# Test question: What is true for a mechanical impact?

• bremenfallturm
bremenfallturm
Thread moved from the technical forums to the schoolwork forums
TL;DR Summary: I'm trying to figure out why this answer is not correct for a mechanical impact:
"Conservation of energy and conservation of momentum can be used to find the relative velocities after the impact"

Hi! I have a multiple choice test that asks:

What applies to a mechanical impact?
a) The total kinetic energy is always preserved if the coefficient of restitution e>0.
b) The momentum is preserved, except when the impact is ideally plastic (e=0).
c) Both objects stop if the impact is ideally elastic.
d) The coefficient of restitution can be used to determine the relative velocities after the impact.
e) Both objects stop if the impact is ideally plastic.
f) The law of conservation of energy and the law of momentum can be used to determine the relative velocities after the impact.

d) is the correct answer, which does make sense, but I have used f) to solve problems relating to impact before.
I know that we can not use these laws during the impact, but setting them up before the impact and after should work? Is the key here that you have to know the masses of the objects, or what's the matter?

f is only true for elastic collisions

Orodruin said:
f is only true for elastic collisions
Ah, why doesn't it work in the second case? If we apply it to the whole system, can't we still use those relations even with an inelastic collision?

bremenfallturm said:
Ah, why doesn't it work in the second case? If we apply it to the whole system, can't we still use those relations even with an inelastic collision?
By definition, mechanical energy is not conserved in an inelastic collision.

bremenfallturm said:
If we apply it to the whole system, can't we still use those relations even with an inelastic collision?
You can use total energy conservation with an inelastic collision if, in addition to the initial velocities ##v_{1i}## and ##v_{2i}##, you are given the amount of mechanical energy ##\Delta E## lost in the collision. Then you can write \begin{align} m_1v_{1i}+m_2v_{2i} & =m_1v_{1f}+m_2v_{2f} \nonumber \\ \frac{1}{2} m_1v_{1i}^2+\frac{1}{2}m_2v_{2i}^2 & =\frac{1}{2}m_1v_{1f}^2+\frac{1}{2}m_2v_{2f}^2+\Delta E \nonumber \end{align}and solve the system of two equations and two unknowns ##v_{1f}## and ##v_{2f}##.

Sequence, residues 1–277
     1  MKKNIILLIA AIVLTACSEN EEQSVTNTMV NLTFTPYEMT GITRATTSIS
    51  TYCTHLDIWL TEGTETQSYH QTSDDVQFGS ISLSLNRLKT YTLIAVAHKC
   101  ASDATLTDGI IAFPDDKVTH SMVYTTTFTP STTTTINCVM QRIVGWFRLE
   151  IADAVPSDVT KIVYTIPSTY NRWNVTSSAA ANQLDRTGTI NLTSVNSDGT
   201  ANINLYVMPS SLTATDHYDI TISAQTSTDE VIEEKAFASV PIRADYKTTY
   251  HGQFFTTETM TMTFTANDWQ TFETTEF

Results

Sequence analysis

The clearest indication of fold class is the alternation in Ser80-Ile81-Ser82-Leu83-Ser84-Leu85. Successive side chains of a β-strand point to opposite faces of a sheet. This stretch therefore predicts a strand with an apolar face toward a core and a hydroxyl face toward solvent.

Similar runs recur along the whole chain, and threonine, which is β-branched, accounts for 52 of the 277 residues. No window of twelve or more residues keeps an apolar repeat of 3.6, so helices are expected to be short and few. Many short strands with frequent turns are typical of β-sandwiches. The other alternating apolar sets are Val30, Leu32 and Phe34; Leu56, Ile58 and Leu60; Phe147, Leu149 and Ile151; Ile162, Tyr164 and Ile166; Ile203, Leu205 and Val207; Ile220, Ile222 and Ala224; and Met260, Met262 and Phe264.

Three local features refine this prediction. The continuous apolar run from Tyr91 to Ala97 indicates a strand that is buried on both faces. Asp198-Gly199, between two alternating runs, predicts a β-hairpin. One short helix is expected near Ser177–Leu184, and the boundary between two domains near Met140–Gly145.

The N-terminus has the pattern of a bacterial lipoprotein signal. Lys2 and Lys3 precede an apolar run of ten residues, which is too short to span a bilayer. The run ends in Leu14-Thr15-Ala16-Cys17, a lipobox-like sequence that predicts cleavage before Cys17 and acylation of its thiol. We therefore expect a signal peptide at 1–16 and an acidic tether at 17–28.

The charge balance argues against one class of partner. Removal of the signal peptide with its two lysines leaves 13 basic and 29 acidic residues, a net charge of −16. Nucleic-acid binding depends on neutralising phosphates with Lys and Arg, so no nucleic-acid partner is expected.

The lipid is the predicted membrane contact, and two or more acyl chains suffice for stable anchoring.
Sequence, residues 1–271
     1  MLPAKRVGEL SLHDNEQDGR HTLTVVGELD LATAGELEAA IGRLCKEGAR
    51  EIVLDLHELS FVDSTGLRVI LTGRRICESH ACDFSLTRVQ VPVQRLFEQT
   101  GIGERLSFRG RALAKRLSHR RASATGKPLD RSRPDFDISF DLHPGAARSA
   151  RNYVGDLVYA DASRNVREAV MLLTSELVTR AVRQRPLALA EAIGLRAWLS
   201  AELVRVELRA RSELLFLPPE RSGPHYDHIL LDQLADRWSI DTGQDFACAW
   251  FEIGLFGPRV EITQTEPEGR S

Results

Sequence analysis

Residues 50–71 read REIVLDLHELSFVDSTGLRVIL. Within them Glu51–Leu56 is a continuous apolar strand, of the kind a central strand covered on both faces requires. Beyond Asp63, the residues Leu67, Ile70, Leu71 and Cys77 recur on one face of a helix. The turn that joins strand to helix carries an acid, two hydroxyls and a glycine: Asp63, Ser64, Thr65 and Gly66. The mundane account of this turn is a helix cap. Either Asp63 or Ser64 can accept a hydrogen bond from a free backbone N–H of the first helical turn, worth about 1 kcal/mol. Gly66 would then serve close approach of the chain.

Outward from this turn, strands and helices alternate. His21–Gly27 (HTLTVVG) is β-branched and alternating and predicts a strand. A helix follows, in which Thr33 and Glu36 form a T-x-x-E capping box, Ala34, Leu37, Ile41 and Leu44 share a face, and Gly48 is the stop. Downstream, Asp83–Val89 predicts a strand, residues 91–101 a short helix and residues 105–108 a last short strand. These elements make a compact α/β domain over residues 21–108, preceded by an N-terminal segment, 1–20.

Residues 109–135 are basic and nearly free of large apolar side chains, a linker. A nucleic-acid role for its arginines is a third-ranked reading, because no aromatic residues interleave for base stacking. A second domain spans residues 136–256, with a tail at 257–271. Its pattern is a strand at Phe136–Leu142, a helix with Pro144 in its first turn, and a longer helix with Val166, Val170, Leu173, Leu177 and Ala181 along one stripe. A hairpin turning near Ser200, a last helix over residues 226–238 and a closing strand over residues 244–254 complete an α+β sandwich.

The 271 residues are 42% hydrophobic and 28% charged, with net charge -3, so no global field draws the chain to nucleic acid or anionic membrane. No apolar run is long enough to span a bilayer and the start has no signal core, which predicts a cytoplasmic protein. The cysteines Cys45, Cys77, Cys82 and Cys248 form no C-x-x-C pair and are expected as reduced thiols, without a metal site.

bremenfallturm said:
Ah, why doesn't it work in the second case? If we apply it to the whole system, can't we still use those relations even with an inelastic collision?
No. Mechanical energy is not conserved. Some of the mechanical energy is converted to internal energy, as described by the 1st Law of Thermodynamics.

bremenfallturm said:
Ah, why doesn't it work in the second case? If we apply it to the whole system, can't we still use those relations even with an inelastic collision?
Just a practical everyday occurrence:
Two crashing vehicles don’t normally keep their original shapes after the impact or collision.
That “reshaping body work” takes certain amount of energy from the initial mechanical energy of the system, which is associated to the masses and their individual velocities.
As the mass within the system does not change, the final individual velocities must be reduced, just like the final mechanical energy is.

Thank you everybody for your input! I also re-read the section on impact in one of my mechanics books that stated that kinetic energy is not preserved after impact.

berkeman and Lnewqban

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